apparently with the column datatype set to numbers, using LIKE isn't possible. You can however use boolean operators with the numbers:

Dim Rows As DataRow() = TempTable.Select("Code > 99999 and Code < 200000")

This will return all rows with code starting with a 1

commented: Thanks +3

see attached

i have solved issue with find string method. but would like to know like method.

Fiestly please show the code what you did.

Secondly, for every catagory at the end the subtotals should be added as a listitem for that catagory. Or you have to create an User Control for your use.

Thank you!

Using your last pastebin, the embedded coder in me tells me that line 12 needs to be either moved or duplicated.

I think I would move that line to after the GPIO.output() statements. Why? Because in one case you didn't declare the GPIO.setup() before you set it high or low so you might send a pulse out that pin. And in another case you may be setting the pin HIGH but since GPIO.setup() was never called it doesn't work.

So my view is on startup, GPIO.setup() those pins and default state so you know what power up condition they should be at and in most systems you don't change GPIO.setup() during a run.

Unfortunately, in this application it still turns all of the GPIO's assigned on or off at the same time. I'm pretty sure it has something to do with the conditions that turn the switches on and off. I'm currently doing all the research possible to find other alternatives or new code. I know its possible as i've seen it before, just not on the coding side of it.

You can cast it so it's not a char pointer, eg cout << (void*) &x

I see, thanks James. So how to get the hexidecimal address of a char variable?

Isn't &var the address of any variable var, regardless its type? (or am I missing something?)

Yes, but you are missing something, namely that the cout << operator for a pointer to a char is overloaded so it works well for char arays (used to hold strings in C). It's a special case. It's defined to treat it as a pointer to a zero-delimited string. The nonsense you see is the ASCII interpretation of whatever bytes are at that address, up to the next zero.

I looked but this is one of those common questions. Should I use a pointer to a single char? I'll write yes. It's not as if you initialized storage and then put the character into that memory location. You are saying "here's a character, now x points at that character." Hence you use the pointer to that string or char.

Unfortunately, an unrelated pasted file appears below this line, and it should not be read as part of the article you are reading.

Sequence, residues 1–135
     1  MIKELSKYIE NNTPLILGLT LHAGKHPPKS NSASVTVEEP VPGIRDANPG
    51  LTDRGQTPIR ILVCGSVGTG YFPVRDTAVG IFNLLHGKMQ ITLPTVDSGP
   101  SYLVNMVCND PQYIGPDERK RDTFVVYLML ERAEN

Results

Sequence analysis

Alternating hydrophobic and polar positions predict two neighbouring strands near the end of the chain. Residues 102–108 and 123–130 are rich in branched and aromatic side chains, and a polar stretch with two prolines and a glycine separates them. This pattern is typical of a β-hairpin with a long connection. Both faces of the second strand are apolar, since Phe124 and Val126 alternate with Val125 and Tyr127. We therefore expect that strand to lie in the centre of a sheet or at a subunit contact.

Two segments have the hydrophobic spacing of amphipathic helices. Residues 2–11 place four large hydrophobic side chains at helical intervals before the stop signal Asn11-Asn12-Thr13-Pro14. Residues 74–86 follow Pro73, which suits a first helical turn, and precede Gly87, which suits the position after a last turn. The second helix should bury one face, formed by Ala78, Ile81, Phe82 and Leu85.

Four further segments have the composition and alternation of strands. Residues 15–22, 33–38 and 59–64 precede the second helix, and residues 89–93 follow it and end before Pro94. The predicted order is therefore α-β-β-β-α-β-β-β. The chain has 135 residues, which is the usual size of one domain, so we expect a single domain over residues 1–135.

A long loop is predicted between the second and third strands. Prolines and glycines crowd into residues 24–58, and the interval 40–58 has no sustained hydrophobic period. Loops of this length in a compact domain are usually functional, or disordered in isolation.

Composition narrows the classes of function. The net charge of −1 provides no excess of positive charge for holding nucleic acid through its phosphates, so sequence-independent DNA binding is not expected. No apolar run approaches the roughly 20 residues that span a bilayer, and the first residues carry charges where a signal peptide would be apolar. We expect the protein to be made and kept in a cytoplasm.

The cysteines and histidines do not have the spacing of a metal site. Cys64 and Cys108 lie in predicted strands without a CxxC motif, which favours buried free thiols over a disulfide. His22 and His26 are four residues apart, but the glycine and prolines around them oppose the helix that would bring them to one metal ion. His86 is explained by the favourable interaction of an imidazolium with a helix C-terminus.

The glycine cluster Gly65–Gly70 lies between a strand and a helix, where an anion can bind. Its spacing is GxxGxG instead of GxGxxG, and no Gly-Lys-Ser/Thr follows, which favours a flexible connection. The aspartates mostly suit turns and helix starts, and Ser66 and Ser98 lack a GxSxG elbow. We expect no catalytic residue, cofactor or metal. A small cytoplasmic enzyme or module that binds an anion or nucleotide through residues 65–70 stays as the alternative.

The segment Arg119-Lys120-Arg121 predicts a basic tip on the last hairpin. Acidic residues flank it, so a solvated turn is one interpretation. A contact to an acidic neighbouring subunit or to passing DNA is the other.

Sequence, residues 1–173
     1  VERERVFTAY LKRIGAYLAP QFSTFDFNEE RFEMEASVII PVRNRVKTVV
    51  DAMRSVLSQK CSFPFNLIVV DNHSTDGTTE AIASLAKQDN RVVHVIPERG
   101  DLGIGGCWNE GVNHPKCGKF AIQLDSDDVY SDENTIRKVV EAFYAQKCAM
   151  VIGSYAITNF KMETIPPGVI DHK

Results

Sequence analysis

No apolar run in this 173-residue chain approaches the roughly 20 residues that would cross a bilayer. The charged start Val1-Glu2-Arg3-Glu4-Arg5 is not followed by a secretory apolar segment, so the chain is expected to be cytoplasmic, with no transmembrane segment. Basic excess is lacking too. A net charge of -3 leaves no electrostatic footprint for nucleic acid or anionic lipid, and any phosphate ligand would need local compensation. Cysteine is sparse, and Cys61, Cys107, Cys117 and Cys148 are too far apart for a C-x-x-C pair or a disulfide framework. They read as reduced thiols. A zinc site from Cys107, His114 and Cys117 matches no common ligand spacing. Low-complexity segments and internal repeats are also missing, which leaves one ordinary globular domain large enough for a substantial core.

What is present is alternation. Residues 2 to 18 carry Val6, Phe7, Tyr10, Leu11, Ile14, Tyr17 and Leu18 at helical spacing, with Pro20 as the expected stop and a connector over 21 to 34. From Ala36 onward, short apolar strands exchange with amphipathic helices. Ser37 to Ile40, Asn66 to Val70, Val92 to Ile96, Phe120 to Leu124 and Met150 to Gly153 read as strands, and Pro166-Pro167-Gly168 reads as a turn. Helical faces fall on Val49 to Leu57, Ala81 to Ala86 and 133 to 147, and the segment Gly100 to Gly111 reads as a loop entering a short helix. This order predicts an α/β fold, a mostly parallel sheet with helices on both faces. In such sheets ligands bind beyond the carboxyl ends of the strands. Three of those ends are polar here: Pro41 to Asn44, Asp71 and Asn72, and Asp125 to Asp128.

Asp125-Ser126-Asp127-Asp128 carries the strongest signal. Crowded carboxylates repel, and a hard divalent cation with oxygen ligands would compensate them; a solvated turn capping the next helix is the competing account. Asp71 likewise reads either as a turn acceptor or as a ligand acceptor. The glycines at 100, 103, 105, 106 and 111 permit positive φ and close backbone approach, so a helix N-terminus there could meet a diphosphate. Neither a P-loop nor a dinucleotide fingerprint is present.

rprofitt, thanks for the replies, but please look at my original code again, I didn't have any pointer variable, just a char variable x, and then display its adress "&x". Isn't &var the address of any variable var, regardless its type? (or am I missing something?)

To go further we have to think and read more. To me you are setting the pointer's address to that single character so a pointer would be correct.

Thanks for the link to the relevant thread. As for my Line 1, I don't think it's incorrect. I had x as a char type, not a pointer.

Here's an example discussion about this. Another look and it appears your first line 1 is not correct.

char *x='"Test";

You are leaning on your c++ compiler ability to convert a number to ascii. Think back to old C days. Now format it.

As this can be compiler dependent I would not lean on this too hard. Do it like we did in C.

Show an example of the data in the column and the value you're trying to match up.

If I change char to int:

     int x=6;

cout << &x;

The output would be what's expect, an address: 0x28ff0c

I see nothing wrong with it spewing seemingly nonsense. Just like any number you have to convert it to a string somehow.

When I try to display the address of a char type variable, I don't get the normal hexidecimal address, but some strange symbols. I don't have the same problem with int or string, etc.. Example:

  char x='#';
  cout << &x;

The output of this is: #( (

What's the explanation?